After the Diagnosis


I’m told cells are growing radically
in me, an underground uprising
because of which how stunning

the world has grown – that twist
of purple skunk cabbage burning
a hole in the snow,

the first Pileated, huge, ungainly,
gorgeous, drumming its code
like a “spark” tapping out Morse

among U-boats in the N. Atlantic:
loud clattering of dots and dashes
signaling All’s well, all’s well.




The Buddha sits beside me,
sedate in teak from Indonesia,
unbothered by a Stink Bug’s landing,
inspiring me to better name a being
in umber armor plate protecting
deftly jointed legs, long and intricate,
carefully measuring the breadth
of the checkered tablecloth before me

where shortly a meal will appear
of which this mite wants just crumbs.
Or perhaps like a silk moth
it lives only for love, this passenger
on the same cruise ship on which
I too circumnavigate the sun, helplessly
in love with light.
Still, I have a mind to take the mite
by the wings, undone by such buzzing
and the bug’s reputation for fending
off death by making a stink about it.
Like Nebuchadnezzar, I am considering
incineration of the pagan thing. 
But the Buddha looks on,
and for now I am moved to do nothing
other than find a better name
for the miracle I feel an urge to murder.





In the lopped lilac, iced-in but its buds fat,
a bough-jouncing Slate-colored Junco’s beak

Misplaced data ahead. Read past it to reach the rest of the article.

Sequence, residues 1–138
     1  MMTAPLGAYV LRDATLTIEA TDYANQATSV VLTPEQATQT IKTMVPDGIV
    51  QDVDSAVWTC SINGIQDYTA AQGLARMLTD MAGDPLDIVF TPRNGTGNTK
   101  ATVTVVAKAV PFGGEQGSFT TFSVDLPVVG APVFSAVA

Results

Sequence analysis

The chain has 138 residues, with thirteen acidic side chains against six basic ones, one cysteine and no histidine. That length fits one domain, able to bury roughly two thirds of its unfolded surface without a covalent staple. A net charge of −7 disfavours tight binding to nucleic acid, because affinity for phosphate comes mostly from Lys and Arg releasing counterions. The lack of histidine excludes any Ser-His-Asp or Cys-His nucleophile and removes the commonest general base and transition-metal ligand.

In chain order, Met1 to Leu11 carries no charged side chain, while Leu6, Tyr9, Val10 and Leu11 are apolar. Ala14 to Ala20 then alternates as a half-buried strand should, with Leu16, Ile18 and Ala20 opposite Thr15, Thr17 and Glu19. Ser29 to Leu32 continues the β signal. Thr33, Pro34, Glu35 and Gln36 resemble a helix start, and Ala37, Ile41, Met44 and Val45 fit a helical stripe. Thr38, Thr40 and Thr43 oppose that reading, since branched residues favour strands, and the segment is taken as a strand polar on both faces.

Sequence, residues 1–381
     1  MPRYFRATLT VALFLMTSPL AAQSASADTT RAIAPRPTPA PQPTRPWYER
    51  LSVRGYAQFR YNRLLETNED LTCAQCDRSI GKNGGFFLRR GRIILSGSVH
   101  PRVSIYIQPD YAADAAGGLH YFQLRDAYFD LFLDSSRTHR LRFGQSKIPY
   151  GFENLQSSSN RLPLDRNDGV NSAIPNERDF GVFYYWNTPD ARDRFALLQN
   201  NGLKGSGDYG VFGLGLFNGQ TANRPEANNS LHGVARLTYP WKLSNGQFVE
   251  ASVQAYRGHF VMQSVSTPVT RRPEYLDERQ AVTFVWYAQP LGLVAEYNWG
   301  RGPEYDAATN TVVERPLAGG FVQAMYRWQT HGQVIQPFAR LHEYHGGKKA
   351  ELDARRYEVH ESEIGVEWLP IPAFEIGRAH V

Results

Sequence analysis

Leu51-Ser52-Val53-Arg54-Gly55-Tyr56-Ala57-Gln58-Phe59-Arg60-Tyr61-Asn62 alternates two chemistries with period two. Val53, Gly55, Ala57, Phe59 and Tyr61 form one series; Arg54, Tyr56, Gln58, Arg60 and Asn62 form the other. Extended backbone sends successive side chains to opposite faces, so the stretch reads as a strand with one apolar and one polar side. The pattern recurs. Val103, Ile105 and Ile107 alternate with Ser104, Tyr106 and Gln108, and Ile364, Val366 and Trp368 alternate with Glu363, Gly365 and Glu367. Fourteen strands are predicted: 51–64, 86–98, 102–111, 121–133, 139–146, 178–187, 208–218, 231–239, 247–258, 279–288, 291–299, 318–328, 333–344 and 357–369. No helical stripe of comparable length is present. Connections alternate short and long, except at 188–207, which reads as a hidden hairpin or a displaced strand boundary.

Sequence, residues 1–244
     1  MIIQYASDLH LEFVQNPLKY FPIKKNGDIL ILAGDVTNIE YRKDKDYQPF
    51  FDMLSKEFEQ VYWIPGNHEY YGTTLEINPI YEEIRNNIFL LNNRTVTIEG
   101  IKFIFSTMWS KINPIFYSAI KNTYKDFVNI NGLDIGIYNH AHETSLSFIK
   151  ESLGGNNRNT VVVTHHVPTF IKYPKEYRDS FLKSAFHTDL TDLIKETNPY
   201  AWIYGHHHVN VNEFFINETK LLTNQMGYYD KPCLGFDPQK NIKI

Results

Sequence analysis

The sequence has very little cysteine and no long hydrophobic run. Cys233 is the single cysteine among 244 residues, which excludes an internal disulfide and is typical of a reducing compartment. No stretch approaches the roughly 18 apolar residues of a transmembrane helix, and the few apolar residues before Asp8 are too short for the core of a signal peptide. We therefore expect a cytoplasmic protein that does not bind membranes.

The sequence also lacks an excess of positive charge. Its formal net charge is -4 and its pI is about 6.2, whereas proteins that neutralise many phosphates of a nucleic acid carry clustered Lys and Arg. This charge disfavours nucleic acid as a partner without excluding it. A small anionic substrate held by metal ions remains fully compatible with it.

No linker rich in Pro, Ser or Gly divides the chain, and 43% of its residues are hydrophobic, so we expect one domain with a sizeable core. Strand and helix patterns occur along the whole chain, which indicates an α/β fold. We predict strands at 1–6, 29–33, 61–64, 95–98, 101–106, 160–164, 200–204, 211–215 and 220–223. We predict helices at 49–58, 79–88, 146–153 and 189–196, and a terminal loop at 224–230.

is a triangular dazzle of ivory so new to me
I’m on high alert
for all the rest I’ve been missing and missing.



The Poisoning


What better at 3 a.m. than surgery –
slicing a Red Delicious in half for
its snappy flesh, of course, but more
for the dark seeds at the heart of it,
raison d’être of the Delicious. 

How good at 3 a.m. to chew the seeds,
tough husks giving way to the soft
cyanide within – “good poison” lethal
only to cancer cells drawn by sweetness
like beetles to Venus Flytraps
then pierced through and through.

How fine at 3 a.m. to poison the Enemy,
expel him at 5 a.m. in my morning pee.


3. 2. 18

The Opening


Betrayed by my body,
I hid from my mirror and all

until they cut into my chest,
left a crater.  I am now so open

to everyone tending to me
there’s no point in hiding.

My wife croons,
cleaning every part of me,

rubbing oils on swollen limbs.
I lie back.  I let love happen.



Race Relations


In the waiting room at the Smilow Cancer Center,
we sit hospitably next to one another,
black, brown, white, beige, all
wearing the same Letter C but smiling like cousins
reunited after living for years in separate countries,
tongues loosened, sharing stories, discovering.
The large Jamaican woman beside me asks
“What stage you at?”  When I tell her “Four,”
she wraps me as if to squeeze out the offending cells.
I hug her back, hard. 



Their Answer

for Chrissy and John


Opposite St. Anne’s Church in Avon is an oasis –
topiaried evergreens, fig trees, an honest-to-God
banana tree towering over
indigo bell flowers, Lily of the Incas, purple phlox,
hardy aspidistra, red and lavender cyclamen,
Golden Sunshine Columbine, salvia, snapdragons,
wild lupine, and delphinium reaching for the sky . . .

Royal purple petunias overflow their boxes,
underscoring every window like mascara;
deep-dyed morning glories and clematis rim doors
like dark kohl.

A stream runs through,
occupied by wood frogs, leopard frogs, bull frogs
and relatives named by the local Eve and Adam.
This is not God’s Eden: that was easy, came naturally
to Him.  The pair who manage this oasis,
both on their second marriages, rise early, work late.
So much 14-14-14 to apply, such pruning and netting,
so many wind-damaged limbs to splint . . .

Their answer to her cancer.



On Leaving Home

for Laura